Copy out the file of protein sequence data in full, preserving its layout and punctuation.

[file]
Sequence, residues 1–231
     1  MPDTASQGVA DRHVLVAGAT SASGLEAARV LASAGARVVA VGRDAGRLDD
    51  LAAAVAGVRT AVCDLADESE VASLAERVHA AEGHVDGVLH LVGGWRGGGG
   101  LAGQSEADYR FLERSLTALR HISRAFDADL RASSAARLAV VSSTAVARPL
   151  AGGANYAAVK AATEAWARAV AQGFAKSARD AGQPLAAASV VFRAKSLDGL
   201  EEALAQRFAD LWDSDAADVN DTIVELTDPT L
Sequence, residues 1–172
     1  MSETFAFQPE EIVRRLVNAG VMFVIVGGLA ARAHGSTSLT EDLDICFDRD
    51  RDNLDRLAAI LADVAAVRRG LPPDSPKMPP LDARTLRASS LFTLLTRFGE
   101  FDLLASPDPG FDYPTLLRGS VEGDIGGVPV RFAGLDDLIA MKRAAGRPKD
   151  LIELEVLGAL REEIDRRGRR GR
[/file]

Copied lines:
Sequence, residues 1–231
     1  MPDTASQGVA DRHVLVAGAT SASGLEAARV LASAGARVVA VGRDAGRLDD
    51  LAAAVAGVRT AVCDLADESE VASLAERVHA AEGHVDGVLH LVGGWRGGGG
   101  LAGQSEADYR FLERSLTALR HISRAFDADL RASSAARLAV VSSTAVARPL
   151  AGGANYAAVK AATEAWARAV AQGFAKSARD AGQPLAAASV VFRAKSLDGL
   201  EEALAQRFAD LWDSDAADVN DTIVELTDPT L
Sequence, residues 1–172
     1  MSETFAFQPE EIVRRLVNAG VMFVIVGGLA ARAHGSTSLT EDLDICFDRD
    51  RDNLDRLAAI LADVAAVRRG LPPDSPKMPP LDARTLRASS LFTLLTRFGE
   101  FDLLASPDPG FDYPTLLRGS VEGDIGGVPV RFAGLDDLIA MKRAAGRPKD
   151  LIELEVLGAL REEIDRRGRR GR